The Secret of Synchronization

How does order extemporaneously arise out of pandemonium?

Much of the script-writing was encouraged and notified by his fantastic book Sync, and his 2004 TED talk. He is a big in this field, and has without exaggeration written the book on bedlam, complexity, and synchronization. It was difficult to find a paper in this field that Steven (or one of his students) did not contribute to.
Nicky Case’s Amazing Firefly Interactive —

Terrific Kuramoto Model Interactive —


Strogatz, S. H. (2012). Sync: How order emerges from pandemonium in the cosmos, nature, and every day life. Hachette UK. —

Strogatz, S. H. (2000). From Kuramoto to Crawford: investigating the onset of synchronization in populations of coupled oscillators. Physica D: Nonlinear Phenomena, 143(1-4), 1-20. —

Goldsztein, G. H., Nadeau, A. N., & Strogatz, S. H. (2021). Synchronization of clocks and metronomes: A perturbation assessment based on multiple timescales. Chaos: An Interdisciplinary Journal of Nonlinear Science, 31(2), 023109. —

The Broughton Suspension Bridge and the Resonance Disaster —

Bennett, M., Schatz, M. F., Rockwood, H., & Wiesenfeld, K. (2002). Huygens’s clocks. Lawsuits of the Royal Society of London. Series A: Mathematical, Physical and Engineering Sciences, 458(2019), 563-579. —

Pantaleone, J. (2002). Synchronization of metronomes. American Journal of Physics, 70(10), 992-1000. —

Kuramoto, Y. (1975). Self-entrainment of a populace of coupled non-linear oscillators. In International symposium on mathematical difficulties in theoretical physics (pp. 420-422). Springer, Berlin, Heidelberg. —

Great video clip by Minute Earth about Tidal Locking and the Moon —

Strogatz, S. H., Abrams, D. M., McRobie, A., Eckhardt, B., & Ott, E. (2005). Crowd synchrony on the Millennium Bridge. Nature, 438(7064), 43-44. —

Zhabotinsky, A. M. (2007). Belousov-zhabotinsky reaction. Scholarpedia, 2(9), 1435. —

Flavio H Fenton et al. (2008) Cardiac arrhythmia. Scholarpedia, 3(7):1665. —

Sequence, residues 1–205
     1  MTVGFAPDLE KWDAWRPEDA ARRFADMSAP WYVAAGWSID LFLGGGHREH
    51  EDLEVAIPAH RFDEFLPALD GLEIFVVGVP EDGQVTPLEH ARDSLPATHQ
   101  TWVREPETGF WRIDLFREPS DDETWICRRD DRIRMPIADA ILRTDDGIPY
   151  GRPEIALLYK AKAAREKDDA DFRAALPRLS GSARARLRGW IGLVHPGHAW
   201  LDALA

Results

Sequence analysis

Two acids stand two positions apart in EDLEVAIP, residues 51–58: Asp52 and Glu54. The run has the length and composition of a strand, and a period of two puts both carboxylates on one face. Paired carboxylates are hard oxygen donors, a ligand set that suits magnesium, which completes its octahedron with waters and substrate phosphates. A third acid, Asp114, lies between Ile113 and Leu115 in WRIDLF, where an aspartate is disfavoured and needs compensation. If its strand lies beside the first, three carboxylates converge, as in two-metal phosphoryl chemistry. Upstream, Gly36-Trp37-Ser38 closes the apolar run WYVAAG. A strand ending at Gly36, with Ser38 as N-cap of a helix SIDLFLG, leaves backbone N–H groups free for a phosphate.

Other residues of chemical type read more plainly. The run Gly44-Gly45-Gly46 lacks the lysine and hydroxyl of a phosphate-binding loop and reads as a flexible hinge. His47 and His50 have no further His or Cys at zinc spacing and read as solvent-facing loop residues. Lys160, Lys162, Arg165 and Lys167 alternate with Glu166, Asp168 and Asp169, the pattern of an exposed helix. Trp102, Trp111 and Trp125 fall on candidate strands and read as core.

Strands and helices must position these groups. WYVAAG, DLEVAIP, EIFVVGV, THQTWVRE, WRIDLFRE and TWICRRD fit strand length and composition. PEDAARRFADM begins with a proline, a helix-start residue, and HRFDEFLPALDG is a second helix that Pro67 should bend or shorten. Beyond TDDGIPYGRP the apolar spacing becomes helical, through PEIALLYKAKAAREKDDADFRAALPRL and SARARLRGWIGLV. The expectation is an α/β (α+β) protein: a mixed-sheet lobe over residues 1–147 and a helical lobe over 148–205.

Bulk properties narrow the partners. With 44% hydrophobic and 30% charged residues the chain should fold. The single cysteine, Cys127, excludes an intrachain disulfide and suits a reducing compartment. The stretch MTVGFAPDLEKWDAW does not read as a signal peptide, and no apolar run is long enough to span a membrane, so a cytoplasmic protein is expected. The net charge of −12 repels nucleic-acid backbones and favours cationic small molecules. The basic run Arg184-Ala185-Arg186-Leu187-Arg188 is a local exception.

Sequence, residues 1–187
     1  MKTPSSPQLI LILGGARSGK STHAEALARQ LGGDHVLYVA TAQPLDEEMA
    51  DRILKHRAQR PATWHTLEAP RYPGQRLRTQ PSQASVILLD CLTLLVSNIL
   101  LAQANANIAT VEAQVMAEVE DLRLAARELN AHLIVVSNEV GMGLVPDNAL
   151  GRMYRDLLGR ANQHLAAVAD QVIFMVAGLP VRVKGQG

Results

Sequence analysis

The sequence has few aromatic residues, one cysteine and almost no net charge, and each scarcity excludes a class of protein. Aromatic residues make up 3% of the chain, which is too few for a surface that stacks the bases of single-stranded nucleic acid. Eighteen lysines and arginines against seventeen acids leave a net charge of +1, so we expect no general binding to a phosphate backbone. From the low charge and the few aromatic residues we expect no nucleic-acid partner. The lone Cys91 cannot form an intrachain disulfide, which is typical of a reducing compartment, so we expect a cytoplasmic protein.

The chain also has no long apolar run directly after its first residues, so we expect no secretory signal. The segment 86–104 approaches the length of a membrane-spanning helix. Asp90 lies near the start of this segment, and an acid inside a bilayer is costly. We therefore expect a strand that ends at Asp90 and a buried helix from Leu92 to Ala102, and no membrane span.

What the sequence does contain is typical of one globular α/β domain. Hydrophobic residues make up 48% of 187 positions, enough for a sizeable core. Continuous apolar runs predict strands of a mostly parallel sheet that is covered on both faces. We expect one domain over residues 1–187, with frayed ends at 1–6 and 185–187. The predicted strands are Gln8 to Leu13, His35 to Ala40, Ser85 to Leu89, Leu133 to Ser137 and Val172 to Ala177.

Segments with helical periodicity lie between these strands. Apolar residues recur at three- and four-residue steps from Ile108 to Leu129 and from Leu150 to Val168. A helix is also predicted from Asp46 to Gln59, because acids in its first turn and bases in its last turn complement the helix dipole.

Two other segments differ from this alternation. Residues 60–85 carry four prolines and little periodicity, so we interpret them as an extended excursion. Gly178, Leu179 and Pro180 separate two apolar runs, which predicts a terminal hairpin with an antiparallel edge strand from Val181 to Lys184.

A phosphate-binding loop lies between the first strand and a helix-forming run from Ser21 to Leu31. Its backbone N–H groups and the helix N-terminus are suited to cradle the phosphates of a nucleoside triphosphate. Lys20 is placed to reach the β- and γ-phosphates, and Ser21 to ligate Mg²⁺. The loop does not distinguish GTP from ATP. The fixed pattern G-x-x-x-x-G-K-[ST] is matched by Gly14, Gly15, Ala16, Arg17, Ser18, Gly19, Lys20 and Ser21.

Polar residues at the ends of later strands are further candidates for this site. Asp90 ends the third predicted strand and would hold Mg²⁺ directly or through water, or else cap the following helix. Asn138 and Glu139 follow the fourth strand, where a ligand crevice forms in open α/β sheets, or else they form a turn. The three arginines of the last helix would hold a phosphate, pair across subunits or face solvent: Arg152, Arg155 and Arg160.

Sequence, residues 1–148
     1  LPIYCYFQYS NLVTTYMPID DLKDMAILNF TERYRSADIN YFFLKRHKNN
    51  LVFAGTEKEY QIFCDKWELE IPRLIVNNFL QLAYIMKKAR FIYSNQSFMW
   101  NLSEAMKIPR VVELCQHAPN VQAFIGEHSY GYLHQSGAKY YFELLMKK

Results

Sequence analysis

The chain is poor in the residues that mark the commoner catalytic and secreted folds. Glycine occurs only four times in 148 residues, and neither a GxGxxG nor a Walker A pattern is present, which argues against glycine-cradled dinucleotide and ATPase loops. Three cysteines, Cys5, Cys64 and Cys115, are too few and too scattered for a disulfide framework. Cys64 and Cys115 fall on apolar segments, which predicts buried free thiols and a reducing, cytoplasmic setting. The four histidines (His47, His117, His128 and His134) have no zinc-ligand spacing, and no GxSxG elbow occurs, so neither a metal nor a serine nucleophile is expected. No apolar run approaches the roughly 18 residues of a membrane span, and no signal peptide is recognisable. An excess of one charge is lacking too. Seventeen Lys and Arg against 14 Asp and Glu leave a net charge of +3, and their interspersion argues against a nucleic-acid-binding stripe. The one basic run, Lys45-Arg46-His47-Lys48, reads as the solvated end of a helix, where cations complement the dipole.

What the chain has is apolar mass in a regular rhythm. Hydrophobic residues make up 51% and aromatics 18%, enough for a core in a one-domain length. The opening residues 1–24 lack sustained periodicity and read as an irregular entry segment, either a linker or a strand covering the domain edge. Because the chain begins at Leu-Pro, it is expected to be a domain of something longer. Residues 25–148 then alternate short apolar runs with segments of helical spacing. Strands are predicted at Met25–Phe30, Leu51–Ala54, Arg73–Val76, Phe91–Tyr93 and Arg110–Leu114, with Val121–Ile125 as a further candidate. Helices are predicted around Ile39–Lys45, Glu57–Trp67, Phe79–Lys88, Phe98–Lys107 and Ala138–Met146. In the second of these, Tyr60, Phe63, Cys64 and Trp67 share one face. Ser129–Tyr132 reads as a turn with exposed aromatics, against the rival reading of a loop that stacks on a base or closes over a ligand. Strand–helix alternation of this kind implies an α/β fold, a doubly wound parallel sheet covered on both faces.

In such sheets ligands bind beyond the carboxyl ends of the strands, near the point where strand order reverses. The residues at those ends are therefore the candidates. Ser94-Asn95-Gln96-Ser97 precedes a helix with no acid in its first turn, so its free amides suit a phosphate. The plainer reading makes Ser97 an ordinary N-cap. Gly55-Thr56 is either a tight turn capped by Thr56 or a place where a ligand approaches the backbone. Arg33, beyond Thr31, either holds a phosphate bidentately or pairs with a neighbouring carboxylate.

Cherry, E. M., & Fenton, F. H. (2008). Visualization of spiral and scroll waves in simulated and empirical cardiac tissue. New Journal of Physics, 10(12), 125016. —

Tyson, J. J. (1994). What all people should know about the Belousov-Zhabotinsky reaction. In Frontiers in mathematical biology (pp. 569-587). Springer, Berlin, Heidelberg. —

Winfree, A. T. (2001). The geometry of biological time (Vol. 12). Springer Science & Business Media. —

Extra thanks to Patreon constituents: Mac Malkawi, Oleksii Leonov, Michael Schneider, Jim Osmun, Tyson McDowell, Ludovic Robillard, jim buckmaster, fanime96, Juan Benet, Ruslan Khroma, Robert Blum, Richard Sundvall, Lee Redden, Vincent, Lyvann Ferrusca, Alfred Wallace, Arjun Chakroborty, Joar Wandborg, Clayton Greenwell, Pindex, Michael Krugman, Cy ‘kkm’ K’Nelson, Sam Lutfi, Ron Neal

Written by Derek Muller and Petr Lebedev
Animation by Fabio Albertelli and Jakub Misiek
GFX and 3D animation by Jonny Hyman
Filmed by Derek Muller and Raquel Nuno
Edited by Derek Muller
Additional video clip supplied by Getty Images
Thumbnail by Ignat Berbeci

More footage from NASA’s Scientific Visualization Studio

Intro animation by Jorge Cham

Animation of waves in the heart from The Virtual Heart/ EM Cherry/ FH Fenton — and

Chemical materials and etiquette provided by Mike Morris and the UCI Chemistry Outreach Program

Thanks to Alie Ward for title/thumbnail consultation
Thanks to Dr Juliette Becker and Dr James O’Donoghue for the planetary technology help

Thumbnail by Ignat Berbeci


  1. The audience clapping seemed like something from a horror movie

  2. why did people keep walking on that really wobbly bridge xD. hundreds of equally dumb people?

  3. What happens if 100 metronomes are set to different frequencies? Will you get white noise or a complex beat? Or a series of ticks from 1 tick from the highest frequency to 100 ticks simultaneously as all the metronomes coincide? Now I will have to buy 100 metronomes to find out. A clever mathematician could probably predict how various settings on the metronomes would work out and get a computer to produce a synthesis of it. Un-sychronized metronomes, each set to the same interval, synchronize. If the metronomes were set to 2 or 4 or 100 harmonic intervals would they settle down to a complex rhythm? Or a simple rhythm? Would there be nothing better than a cacophony of ticks, to the human ear, that actually contain patterns imperceptible to humans, ; that achieved optimal force distribution and transfer to the collective mass rendering the platform and metronome array very stable but without any nifty, obvious, quick ‘tick’ events. I would be curious to know if anyone has tried this. Cheers.

  4. i love how these past few Videos got back to what veritasium is for me!! You had me worried for a Minute there Derek… with that weird “these Pools help support half the people on earth” video

  5. Does anyone else recognise this from a thought they have at the back of their mind at random times

  6. Ve used production value boost. It was super effective!

  7. Science + agenda?

  8. deja vu??? it seems that i have seen thid vid before

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